I do think that it is pretty clear that in terms of fiscal discipline and in terms of construction discipline, they need some help. They are over on the bridge, they are over on middle harbor, and even on the temporary office building they were substantially over. Now we’ve worked with them to scale that back. We’ve brought the temporary building a little bit more in line with their help. They’ve been very cooperative. Now I don’t mean this as a criticism. Any time you embark on an extraordinary construction program, you need to make sure you are prepared for it. Now I think they needed to be better prepared and I think they’re making those changes.

Art: Let’s talk about the new Civic Center. This was much in the news recently. You seem to suggest that it would be a good idea to have a new Civic Center to replace the old one, the current one, and there may be a port building beside it.
Bob: Well or the port would be part of it. I think the concept is this; look the existing structure -- City Hall -- is not earthquake safe. And in fact, we went and did a peer review recently and another analysis and it actually came back a little worse.

Art: The question people raise; is the cost of the retrofit as much as the city says it is?

Bob: Well it is what it is [laughs]. You know the estimates we have is about $170 million. It is not worth spending $170 million. But here’s the concept; we believe that we can through a design competition, if we can get a brand new civic center that’s usable keeping the park, integrating the library and have it at a cost to the city no more than we’re paying now for the maintenance on that building.

Art: And that’s the Triple P Partnership?

Bob: That’s correct. And we now have three very good and sophisticated firms who say they can do that; that was the hallmark of this. It has to cost us virtually the same. You want to make sure this is a usable, iconic civic plaza. We can also use the existing courthouse property and the idea is to bring as many [government] offices in that location as possible. We would love to have the port there...

Art: Bob let’s talk about leadership. You’ve said publicly and so has the president of Long Beach State that you can’t have a great city without a great university and you can’t have a great university without a great city. The trustees recently changed their policy so they no longer require campus visits by the three finalists [for CSULB president]. And a lot of the faculty feel that it’s appropriate that the finalists come to campus and give everyone a chance to meet them. I want to know your view of this change in trustee policy.

Bob: Well quite frankly I wasn’t aware of it but I would prefer campus visits and I am part of the advisory committee on this search right now for the new president so I don’t know what the logic was for whether or not... But I’m part of the process and I’ll ask them why they’ve changed.

Art: Give our viewers the criteria that you as a voter would look for in the next mayor.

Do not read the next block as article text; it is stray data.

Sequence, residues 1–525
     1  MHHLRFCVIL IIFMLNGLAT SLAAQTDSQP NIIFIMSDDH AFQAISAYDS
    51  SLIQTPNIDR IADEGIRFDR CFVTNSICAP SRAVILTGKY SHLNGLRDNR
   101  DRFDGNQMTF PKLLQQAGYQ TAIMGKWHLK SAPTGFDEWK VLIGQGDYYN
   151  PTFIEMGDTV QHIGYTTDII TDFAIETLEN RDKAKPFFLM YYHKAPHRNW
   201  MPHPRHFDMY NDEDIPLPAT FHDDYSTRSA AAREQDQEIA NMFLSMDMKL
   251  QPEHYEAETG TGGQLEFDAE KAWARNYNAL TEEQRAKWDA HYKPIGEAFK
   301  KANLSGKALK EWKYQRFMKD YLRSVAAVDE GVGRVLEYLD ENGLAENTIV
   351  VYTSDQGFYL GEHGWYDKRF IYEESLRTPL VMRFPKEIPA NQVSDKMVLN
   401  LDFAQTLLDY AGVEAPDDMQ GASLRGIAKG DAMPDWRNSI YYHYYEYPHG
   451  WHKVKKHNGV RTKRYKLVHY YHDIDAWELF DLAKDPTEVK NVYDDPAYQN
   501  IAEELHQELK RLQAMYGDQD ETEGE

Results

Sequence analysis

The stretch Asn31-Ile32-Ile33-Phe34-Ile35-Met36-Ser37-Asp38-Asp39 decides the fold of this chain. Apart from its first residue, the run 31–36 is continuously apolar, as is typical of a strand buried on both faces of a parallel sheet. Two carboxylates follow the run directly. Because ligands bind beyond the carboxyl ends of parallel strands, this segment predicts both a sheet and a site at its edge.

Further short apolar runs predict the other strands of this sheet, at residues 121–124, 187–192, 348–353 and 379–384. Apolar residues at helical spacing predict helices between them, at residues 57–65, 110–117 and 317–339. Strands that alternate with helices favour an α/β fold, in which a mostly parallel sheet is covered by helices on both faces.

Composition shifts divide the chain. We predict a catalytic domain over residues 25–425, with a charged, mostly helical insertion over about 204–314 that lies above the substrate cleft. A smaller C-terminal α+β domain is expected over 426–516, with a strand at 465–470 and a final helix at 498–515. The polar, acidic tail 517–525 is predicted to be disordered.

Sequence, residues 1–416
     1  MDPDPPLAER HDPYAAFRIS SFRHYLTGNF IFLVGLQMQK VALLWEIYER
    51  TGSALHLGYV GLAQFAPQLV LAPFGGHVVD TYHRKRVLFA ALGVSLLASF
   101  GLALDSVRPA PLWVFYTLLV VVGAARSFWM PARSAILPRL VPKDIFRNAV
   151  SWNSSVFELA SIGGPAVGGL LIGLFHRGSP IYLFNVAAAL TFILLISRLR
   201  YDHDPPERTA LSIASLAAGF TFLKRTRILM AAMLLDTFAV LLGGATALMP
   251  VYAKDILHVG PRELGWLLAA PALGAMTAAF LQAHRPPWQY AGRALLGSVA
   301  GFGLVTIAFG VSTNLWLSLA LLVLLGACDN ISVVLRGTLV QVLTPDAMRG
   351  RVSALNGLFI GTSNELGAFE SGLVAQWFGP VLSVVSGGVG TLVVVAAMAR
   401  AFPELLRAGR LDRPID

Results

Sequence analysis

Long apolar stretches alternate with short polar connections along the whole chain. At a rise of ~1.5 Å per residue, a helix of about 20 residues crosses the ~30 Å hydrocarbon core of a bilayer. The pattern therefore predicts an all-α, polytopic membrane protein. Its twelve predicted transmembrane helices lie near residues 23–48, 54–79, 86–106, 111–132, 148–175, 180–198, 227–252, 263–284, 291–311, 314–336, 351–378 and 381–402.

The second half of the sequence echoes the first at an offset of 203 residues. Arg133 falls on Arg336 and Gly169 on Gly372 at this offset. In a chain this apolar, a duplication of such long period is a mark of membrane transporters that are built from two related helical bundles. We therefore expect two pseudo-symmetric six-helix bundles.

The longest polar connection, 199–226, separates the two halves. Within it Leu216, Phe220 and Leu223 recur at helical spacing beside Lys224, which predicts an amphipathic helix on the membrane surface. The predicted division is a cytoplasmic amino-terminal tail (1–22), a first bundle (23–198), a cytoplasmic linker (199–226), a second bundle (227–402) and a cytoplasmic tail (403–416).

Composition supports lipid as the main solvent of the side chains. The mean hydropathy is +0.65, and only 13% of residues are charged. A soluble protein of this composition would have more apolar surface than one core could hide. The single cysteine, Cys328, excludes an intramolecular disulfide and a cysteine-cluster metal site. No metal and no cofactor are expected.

Bob: First of all, I think you want someone to at least have confidence, has executive ability; the ability to really stand up, make a decision, take a tough stance, and stick with it and do it quickly. Secondly, first and foremost, you have to have someone that really understands financial discipline and fiscal restraint. We are not yet out of all of the problems that could happen with this city, particularly on the pension side from the state of California and other things the state may do. We need to make sure we keep our reserves, we build our reserves, we keep the financial policies such as not using one-time revenue for ongoing expenses. And third, I think ultimately you have to have somebody ... you cannot be a good leader unless people trust you. And I think you have to look at all the candidates and say, “Who is it I really trust here?”

As I started this interview by saying, you’re in this job ultimately to leave this place in better condition than you found it. You cannot do that unless you meet problems squarely and you have to do it with the spirit that it’s not to advance yourself; it’s not to put yourself somewhere else. In fact quite often if you address problems squarely when they come up, you’re putting yourself at political risk. That’s your job. You need to do that.

Art: I think we’ve been fortunate to have a mayor with the quality of Bob Foster who has done the things that he has accomplished. Not a perfect record, but a very good record and Bob we thank you for your service to the city and to the community.

Bob: Well thank you Art. I guess as I begin my exit I’d like to say it has been a marvelous experience, it has been an honor to serve the people of Long Beach, and I hope that when I exit they will look back and believe that I merited the trust they placed in me. It has been an outstanding experience and an honor.

Straight Talk airs in Long Beach and 40 surrounding cities on Saturday and Sunday at 9 a.m. and 7 p.m. on LBTV Channel 3 and FiOS 21, and at 10 a.m. and 8 p.m. on Charter Channel 101. The show is Viewable on Demand at